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Meaning “old farm” in Swedish, the Gammelgården Museum is the only open air museum devoted to preserving, presenting and promoting Swedish immigrant heritage in the United States. In buildings that have been carefully preserved and restored, visitors can get a glimpse of the daily lives & artifacts of these immigrants and participate in events and classes. The main exhibit in the Välkommen Hus and our Butik gift shop are open daily May – December.


The Välkommen Hus is built in the style of 1850’s Swedish farmhouse and houses a classroom/meeting area, Butik gift shop and restrooms.

The Välkommen Hus  is built in the style of 1850’s Swedish farmhouse and houses a classroom/meeting area, Butik gift shop and restrooms.

Präst Hus was built in 1868 as the first parsonage for the Elim Congregation. This is the oldest existing parsonage in Minnesota.

Präst Hus was built in 1868 as the first parsonage for the Elim Congregation. This is the oldest existing parsonage in Minnesota.

The Immigrant Hus features the same Swedish log construction as the Gammelkyrkan and the Präst Hus and was used as a home until the early 1900’s.

 The Immigrant Hus features the same Swedish log construction as the Gammelkyrkan and the Präst Hus and was used as a home until the early 1900’s.

Gammelkyrkan is the first sanctuary of Elim Lutheran Church, and was built in 1856 and is the oldest Lutheran church building in Minnesota.

Gammelkyrkan is the first sanctuary of Elim Lutheran Church, and was built in 1856 and is the oldest Lutheran church building in Minnesota.

Stuga, in immigrant times, meant a rectangular building, with 1 door, a corner stove, the home of peasants.

Stuga, in immigrant times, meant a rectangular building, with 1 door, a corner stove, the home of peasants.

Ladugård (barn) was constructed in 1879 at the request of Rev. Eric Hedeen.

Ladugård (barn) was constructed in 1879 at the request of Rev. Eric Hedeen.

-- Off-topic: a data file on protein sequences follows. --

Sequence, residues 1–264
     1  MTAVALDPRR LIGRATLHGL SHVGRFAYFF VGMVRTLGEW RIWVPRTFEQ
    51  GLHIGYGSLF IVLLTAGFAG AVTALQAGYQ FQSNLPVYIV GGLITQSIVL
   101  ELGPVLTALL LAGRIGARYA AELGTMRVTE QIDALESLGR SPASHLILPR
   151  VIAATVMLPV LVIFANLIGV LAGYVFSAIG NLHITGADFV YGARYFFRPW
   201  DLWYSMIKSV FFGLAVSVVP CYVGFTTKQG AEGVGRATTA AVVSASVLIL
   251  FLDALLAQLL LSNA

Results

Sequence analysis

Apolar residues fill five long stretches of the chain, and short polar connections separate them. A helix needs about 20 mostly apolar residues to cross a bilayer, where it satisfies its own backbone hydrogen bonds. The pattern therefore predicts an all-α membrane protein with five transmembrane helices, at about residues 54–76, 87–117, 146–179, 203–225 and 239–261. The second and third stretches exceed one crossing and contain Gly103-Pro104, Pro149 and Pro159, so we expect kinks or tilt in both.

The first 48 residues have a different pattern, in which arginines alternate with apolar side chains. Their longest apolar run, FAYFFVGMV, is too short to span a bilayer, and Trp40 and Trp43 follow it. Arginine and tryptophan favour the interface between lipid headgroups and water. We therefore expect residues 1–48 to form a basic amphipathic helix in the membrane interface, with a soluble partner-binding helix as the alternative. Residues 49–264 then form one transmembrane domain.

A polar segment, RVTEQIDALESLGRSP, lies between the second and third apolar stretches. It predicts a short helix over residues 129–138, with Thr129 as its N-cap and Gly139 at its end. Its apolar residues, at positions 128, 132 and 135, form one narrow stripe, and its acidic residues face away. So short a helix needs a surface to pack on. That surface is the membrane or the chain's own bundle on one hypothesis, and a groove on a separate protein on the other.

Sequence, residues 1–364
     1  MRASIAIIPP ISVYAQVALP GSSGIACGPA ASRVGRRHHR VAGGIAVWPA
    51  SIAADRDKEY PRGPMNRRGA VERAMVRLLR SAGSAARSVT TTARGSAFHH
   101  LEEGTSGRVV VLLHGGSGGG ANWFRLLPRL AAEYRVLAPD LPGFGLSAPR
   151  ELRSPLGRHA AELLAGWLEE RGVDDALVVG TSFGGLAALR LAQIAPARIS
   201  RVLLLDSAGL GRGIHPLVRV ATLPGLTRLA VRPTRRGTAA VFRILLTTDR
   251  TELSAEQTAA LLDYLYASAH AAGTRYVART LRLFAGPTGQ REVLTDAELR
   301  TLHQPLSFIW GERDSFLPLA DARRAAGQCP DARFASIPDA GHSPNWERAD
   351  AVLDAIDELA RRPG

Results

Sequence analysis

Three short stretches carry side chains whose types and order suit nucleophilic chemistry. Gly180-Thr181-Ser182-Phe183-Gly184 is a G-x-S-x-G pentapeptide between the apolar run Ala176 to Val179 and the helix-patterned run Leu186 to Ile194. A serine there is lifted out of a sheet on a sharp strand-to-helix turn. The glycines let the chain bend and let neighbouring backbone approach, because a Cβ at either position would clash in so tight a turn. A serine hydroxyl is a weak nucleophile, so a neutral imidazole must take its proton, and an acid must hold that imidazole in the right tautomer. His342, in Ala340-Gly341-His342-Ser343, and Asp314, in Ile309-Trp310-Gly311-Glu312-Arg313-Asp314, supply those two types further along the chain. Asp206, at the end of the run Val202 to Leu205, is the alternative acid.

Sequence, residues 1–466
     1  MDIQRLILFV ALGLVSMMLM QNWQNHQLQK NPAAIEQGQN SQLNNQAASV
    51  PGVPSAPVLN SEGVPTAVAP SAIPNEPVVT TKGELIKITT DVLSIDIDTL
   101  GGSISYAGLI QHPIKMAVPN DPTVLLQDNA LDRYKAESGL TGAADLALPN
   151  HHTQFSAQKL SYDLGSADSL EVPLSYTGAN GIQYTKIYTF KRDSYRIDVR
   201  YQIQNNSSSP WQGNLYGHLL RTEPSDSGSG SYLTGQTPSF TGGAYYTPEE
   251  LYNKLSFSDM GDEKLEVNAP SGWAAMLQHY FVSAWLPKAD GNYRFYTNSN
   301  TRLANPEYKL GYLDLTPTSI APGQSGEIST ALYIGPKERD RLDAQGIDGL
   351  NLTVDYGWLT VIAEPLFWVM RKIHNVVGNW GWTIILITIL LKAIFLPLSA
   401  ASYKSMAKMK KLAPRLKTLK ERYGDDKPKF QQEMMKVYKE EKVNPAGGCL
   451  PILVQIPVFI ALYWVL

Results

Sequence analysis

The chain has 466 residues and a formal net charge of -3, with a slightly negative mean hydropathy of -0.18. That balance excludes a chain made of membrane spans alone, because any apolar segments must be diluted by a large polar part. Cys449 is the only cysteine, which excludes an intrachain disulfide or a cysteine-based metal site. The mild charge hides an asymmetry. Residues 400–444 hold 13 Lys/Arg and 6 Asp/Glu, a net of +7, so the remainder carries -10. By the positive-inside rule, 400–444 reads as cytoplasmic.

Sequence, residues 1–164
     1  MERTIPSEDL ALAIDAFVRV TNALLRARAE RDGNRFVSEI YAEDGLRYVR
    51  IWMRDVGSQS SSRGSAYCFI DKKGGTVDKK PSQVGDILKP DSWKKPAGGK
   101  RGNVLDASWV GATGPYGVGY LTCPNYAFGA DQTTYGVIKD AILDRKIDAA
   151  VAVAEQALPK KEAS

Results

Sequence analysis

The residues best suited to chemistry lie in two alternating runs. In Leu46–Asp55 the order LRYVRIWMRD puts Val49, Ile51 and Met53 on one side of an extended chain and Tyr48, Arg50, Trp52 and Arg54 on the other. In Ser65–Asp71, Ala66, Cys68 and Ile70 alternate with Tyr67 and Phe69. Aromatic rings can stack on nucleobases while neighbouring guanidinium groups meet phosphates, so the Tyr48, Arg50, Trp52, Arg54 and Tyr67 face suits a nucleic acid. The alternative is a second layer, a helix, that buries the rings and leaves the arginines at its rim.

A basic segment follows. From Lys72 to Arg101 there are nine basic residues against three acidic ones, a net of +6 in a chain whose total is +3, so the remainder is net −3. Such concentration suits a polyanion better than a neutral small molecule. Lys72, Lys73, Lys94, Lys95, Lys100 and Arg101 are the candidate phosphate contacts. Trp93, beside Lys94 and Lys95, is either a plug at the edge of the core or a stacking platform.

Aerial view of the Gammelgården Museum

Aerial view of the Gammelgården Museum

Come explore immigrant life in the 1850's! Our 5 historic buildings on this old (Gammel) small farm (garden) tell the story of the oldest Swedish settlement in Minnesota. Festivals, tours, children's programs, events and exhibits are family friendly. Visit our website: gammelgardenmuseum.org for more information.

Established 1972 to Preserve, Present and Promote Swedish Immigrant Heritage, the Gammelgarden Museum hosts cultural events throughout every season. Main stays, such as Santa Lucia Dagen, Midsommar Dag, and the Running of the Meatballs are hosted annually. To learn more about these cultural calibrations, read more about it on our website, gammelgardenmuseum.org/events/. A full calendar of events can be found here: gammelgardenmuseum.org/calendar/

The Gammelgarden Museum is home to six historic buildings which embody Swedish culture. See our website for virtual tours, at gammelgardenmuseum.org/buildings/#

  • Välkommen Hus: Built in 2002 during our 30th year, the Välkommen Hus became a reality of many years of planning, construction, and an investment of over $560,000. It is a two-story frame building with a full basement and elevator for persons with disabilities. The style is 1850’s Swedish farmhouse and it is painted Falun red. The inside of this building features the Gathering Room (lobby), Scandia Butik Gift Shop, restrooms, office and Passage Room (an exhibit room and classroom with a capacity to hold 45 people).